If you’ve been hearing about Pulp, a book brought to us by the dynamic duo of Ed Brubaker and Sean Phillips, being on all the 2020 “Best of” lists of the year and wondering what all the fuss is about, then you’ve come to the right place.
Once again, this collaborative dynamo team that I have raved about, most recently in my review of their tremendous book from 2019, Bad Weekend, is bringing their very best characters, story, and atmosphere to this book, that while only 72 pages long feels much longer with the amount of character and story development that goes on. In a story that goes from the Old West to the 1930s from pulp writing to punching Nazis, readers will wonder just how it will all turn out for the Red River Kid and Max Winters.
It all seems like Max Winters has stepped into a story of his own creation. Max writes pulp novels, all based loosely on his life in the wild west where he got into his fair share of hot water situations. Now, he uses those stories as the basis for his Red River Kid tales, and he’s starting to tell the stories of when he settled down, had a family, and lived in Mexico. Unfortunately, that’s not what his editor wants, and dejected and angry he makes his way back home. But, in the subway he punches some Nazis, has a heart attack, and is set upon a path that he hopes will redeem his entire life and let him die, as he will inevitably have another heart attack, in peace. It was supposed to be an easy peasy armored car stick-up, but when he runs into a familiar face from his Old West days, his course changes and sets them both on a path they won’t be able to escape.
Jeremiah Goldman is a blast from Max’s past, and their “chance” meeting on the streets of New York—not by coincidence, mind you—sets them both on a new beginning, a reflection which is noted a few times in this story. The idea of beginnings—who gets them, how, and why, and how can you make one happen? Jeremiah was one of the Pinkertons, guys on the “good” side of the law who hunted The Red Rock Kid, aka Max, and when he started noticing those Red River Kid stories and how familiar they were, he figured he’d finally got his man. But, what he wanted was something different – a partner this time. A partner to help him pull a robbery against people who deserved it – the Nazi, Fascist influtrating group that was in New York. Of course, things don’t go as Max thought they would, but what’s the fun in a predictable pinch?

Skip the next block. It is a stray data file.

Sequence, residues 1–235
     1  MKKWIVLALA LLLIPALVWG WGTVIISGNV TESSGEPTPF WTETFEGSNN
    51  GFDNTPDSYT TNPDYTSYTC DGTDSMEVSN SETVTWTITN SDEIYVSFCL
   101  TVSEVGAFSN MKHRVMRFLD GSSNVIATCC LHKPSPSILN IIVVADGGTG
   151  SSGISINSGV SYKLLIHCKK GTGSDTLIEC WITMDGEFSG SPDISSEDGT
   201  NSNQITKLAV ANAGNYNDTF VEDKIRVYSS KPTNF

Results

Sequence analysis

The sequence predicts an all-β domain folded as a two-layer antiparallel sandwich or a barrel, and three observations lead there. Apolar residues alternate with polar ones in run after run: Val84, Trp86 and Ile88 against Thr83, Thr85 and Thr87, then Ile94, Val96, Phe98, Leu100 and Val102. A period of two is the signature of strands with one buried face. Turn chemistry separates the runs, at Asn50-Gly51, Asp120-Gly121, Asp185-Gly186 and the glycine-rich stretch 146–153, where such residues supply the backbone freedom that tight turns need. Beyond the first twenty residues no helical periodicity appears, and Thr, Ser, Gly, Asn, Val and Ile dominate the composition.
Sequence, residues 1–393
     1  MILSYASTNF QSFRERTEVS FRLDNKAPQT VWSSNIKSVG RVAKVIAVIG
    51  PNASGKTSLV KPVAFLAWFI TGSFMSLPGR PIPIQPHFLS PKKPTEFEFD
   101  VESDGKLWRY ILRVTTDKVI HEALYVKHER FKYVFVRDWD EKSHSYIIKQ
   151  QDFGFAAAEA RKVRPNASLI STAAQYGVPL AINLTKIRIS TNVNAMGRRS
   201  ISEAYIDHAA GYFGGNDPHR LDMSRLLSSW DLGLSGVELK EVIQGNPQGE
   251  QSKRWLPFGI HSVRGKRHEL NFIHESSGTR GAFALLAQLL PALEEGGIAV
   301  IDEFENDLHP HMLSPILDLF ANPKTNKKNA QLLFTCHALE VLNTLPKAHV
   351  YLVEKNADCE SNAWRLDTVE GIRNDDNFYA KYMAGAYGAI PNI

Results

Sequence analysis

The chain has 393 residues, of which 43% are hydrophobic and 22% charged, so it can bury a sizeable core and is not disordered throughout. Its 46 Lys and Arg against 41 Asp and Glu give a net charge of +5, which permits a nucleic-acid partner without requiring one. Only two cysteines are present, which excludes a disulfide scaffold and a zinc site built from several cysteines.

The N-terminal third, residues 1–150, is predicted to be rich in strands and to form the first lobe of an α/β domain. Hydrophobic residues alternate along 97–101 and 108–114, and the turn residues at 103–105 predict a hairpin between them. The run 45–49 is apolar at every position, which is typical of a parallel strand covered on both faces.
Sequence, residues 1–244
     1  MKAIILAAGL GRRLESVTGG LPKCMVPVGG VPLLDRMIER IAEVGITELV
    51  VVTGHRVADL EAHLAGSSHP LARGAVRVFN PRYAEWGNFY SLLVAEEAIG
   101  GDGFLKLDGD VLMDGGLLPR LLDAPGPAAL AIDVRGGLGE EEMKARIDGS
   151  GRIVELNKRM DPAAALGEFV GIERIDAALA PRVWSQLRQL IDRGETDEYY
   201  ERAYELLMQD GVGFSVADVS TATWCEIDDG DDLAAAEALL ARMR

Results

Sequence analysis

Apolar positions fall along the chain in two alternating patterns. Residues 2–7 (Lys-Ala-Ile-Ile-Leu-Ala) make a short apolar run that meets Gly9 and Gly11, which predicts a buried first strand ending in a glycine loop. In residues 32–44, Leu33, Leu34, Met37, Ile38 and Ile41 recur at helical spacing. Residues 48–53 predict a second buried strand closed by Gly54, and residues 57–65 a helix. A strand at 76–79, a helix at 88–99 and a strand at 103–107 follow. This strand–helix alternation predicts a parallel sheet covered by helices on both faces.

Once again, as with other Brubaker/Phillips collaborations, the story is brought to glorious, intricate, watercolor-esque, sepia brilliance through the illustrations of Sean Phillips with colors by Jacob Phillips. What’s magnificent is the breaking of illustration styles between the wild west scenes and the modern 1930s panels. The wild west is seen through a pop-art illustration and coloring style with blocked colors highlighting our hero and spotlighting darkness and shadow as our heroes ride horses, rob stagecoaches, and visit saloons. Meanwhile, our heroes in the 1930s, while also existing in the shadows, they are the shadows of intrigue, violence, and redemption. Shadows that we choose for ourselves to just try and make it through. Will Max get his happy ending? Did the Red Rock Kid? It all depends on what happy means to Max and you, dear reader.
Pulp is just a great story full of deceit, love, mystery, and possibly redemption. The illustrations and coloring perfectly compliment the story that travels in time and across mediums in a way that is perfectly presented. Older teens and adults will want to read this story again and again just to see what’s different, what stands out this time. A beautiful and timeless story that will stay with readers long past that last shot.
By Ed Brubaker
Art by Sean Phillips
Publisher Age Rating: 17+
Series ISBNS and Order
Title Details and Representation
NFNT Age Recommendation: Adult (18+), Older Teen (16-18)